Some did not even get this far. The Bureau also found UK border and asylum officersmistakenly categorising children as young as 14 as adults and sending them straight to adult detention centres, in many cases despite clear evidence they were children and without referring their cases to social services.
A recent inspection report of the Yarls Wood detention centre found 13 children in the centre in the last year, while figures from the Refugee Council today show at least 127 minors have been falsely classified as adults in UK detention since 2010.
Many child asylum-seekers are treated as adults when they arrive in the UK
One of those children was Rauf (not his real name), a Syrian 15-year-old who was smuggled to the UK after his father was taken by an extremist group. He suffered physical and emotional abuse on the way. On arriving at the UK he told officials he was a child but instead of referring his case to a child expert in social services he was sent to a detention centre.
“There are no words to describe the horror of detention,” Rauf said.
“It was a prison. I struggled. I still have nightmares. I don’t know how someone can decide your age in ten minutes. Detention is devastating.”
One social worker I spoke to on condition of anonymity explained: “These children have come on this arduous journey. Starved, beaten, sexually exploited; when they arrive they often just shut their mouths. Then they are treated with suspicion. I’ve attended many interviews where the Home Office person says, ‘I think you are lying’, and I am sat in the corner, not allowed to say anything, thinking ‘Where have we come to?’ There is no respect shown to these children.”
Kamena Dorling from Coram Children’s Legal centre, which supplies legal advice to asylum seekers, agreed: “A culture of disbelief has developed in both the immigration service and social care, with vulnerable children often viewed with suspicion and assumed to be lying about their age. As a result, these children might end up being housed with adults, denied access to education or even detained as an adult in an Immigration Removal Centre and forcibly removed from the country.”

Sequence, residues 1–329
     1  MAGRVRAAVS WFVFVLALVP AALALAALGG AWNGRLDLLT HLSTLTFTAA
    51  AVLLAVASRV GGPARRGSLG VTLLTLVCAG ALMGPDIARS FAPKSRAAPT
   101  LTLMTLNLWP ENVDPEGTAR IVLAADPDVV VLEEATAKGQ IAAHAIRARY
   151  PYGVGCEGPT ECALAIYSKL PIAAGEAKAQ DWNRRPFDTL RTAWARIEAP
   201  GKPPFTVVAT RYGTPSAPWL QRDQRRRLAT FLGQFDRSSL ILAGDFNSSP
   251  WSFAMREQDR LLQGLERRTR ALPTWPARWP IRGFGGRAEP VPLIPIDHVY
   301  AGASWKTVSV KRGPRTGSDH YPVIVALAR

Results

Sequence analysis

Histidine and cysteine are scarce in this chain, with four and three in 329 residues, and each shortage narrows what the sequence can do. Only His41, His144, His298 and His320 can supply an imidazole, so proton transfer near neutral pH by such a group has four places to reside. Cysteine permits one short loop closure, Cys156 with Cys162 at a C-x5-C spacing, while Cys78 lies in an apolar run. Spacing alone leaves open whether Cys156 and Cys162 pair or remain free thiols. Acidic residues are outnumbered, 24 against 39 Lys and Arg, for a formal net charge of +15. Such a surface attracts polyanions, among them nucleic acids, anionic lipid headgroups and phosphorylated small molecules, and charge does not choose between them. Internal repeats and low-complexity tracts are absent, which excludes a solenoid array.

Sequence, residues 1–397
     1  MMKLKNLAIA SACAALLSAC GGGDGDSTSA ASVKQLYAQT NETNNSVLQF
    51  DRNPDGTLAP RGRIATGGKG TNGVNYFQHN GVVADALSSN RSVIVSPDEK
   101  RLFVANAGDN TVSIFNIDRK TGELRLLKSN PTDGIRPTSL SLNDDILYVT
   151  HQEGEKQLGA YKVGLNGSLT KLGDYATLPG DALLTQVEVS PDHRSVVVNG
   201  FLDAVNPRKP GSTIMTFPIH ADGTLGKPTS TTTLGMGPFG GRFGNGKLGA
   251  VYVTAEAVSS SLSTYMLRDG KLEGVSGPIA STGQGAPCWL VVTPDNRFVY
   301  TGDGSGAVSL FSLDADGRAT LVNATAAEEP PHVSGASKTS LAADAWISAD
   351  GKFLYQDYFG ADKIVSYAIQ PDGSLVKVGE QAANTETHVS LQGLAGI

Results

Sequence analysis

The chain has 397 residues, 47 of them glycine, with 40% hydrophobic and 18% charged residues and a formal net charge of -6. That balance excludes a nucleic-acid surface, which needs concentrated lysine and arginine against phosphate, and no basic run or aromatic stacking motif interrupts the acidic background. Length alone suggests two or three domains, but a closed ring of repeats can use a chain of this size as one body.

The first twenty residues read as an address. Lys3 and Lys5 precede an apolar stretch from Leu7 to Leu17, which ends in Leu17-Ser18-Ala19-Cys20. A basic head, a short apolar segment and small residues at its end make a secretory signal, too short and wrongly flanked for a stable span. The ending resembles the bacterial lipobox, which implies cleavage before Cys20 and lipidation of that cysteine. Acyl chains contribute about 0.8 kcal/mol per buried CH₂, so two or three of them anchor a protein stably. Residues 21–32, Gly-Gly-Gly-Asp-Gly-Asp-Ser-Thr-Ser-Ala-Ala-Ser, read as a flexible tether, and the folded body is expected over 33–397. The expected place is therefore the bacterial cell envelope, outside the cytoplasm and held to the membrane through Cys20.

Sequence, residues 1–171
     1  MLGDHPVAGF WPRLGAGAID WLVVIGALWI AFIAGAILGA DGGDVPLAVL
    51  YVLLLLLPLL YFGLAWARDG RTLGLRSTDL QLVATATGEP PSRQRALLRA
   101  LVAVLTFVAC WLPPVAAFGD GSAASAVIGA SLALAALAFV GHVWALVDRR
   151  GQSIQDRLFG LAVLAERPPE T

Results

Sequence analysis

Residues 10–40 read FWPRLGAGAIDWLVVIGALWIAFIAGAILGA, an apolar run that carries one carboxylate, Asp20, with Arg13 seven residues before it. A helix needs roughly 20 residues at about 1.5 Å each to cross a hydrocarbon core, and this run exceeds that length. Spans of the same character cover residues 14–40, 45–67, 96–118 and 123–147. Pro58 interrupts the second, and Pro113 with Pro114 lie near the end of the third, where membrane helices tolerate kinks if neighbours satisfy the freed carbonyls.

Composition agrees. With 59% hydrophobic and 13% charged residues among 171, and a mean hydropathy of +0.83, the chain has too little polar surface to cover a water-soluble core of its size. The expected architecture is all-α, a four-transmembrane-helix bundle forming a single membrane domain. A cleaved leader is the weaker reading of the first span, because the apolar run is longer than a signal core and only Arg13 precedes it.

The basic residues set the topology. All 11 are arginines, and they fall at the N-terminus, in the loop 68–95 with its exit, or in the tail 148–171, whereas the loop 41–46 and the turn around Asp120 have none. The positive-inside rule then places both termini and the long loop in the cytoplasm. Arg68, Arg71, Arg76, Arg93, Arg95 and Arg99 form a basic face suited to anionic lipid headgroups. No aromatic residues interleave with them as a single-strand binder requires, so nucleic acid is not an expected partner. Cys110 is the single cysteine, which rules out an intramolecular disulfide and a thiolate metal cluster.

Then there is the ever-looming threat of removal. Once they turn 18 these young people can appeal their asylum decision again. But the Bureau’s study of Afghan teenagers found that just one-in-five former unaccompanied children that apply to extend their leave are successful first time. Fifty-five per cent were rejected outright, and decisions can take up to four years.
Instead young men found themselves wrenched from the lives they had built in the UK and put onto planes only to be dropped back into a country they no longer remember. More than 600 former child asylum-seekers have been removed from the UK to Afghanistan in the past five years alone. Many struggled. Often their Westernised mannerisms and accents are regarded with suspicion in Afghanistan. We found examples of young men who, after living their formative teenage years in the UK, were removed and left homeless, chased by the Taliban, kidnapped, ransomed and beaten.
One such boy was Hakim, who arrived in the UK at 13 only to be removed once he became an adult. He told me: “When I returned back to Afghanistan it was the worst situation of my life. No one helped me at all because I was completely different… I was strange to them and they were for me. I dressed differently I was not able to communicate with anyone.”
Despite this policy of temporary leave, children still make their desperate journeys to arrive at UK shores. Ninety-nine unaccompanied children arrived asking for asylum from Afghanistan in the first half of this year alone.
Now the situation is hitting crisis point. Kent County Council, which has responsibility for a large proportion of all unaccompanied asylum-seeking children, is struggling under the increased pressure. The council says it has no more foster beds available and is facing a serious funding gap.
While David Cameron appears to be standing firm on his ‘tough’ approach to asylum seekers, the deepening crisis is prompting experts to call for a revision of the way vulnerable children are cared for in the immigration system.
“We need to think again about how we have treated, and continue to treat, children who have fled some of the world’s worst armed conflicts,” says Kamena Dorling.
Until we do, those children who survive the horrors of the journey to the UK will continue to suffer at the hands of the very people they hoped would save them.
This commentary piece was first published on Politics.co.uk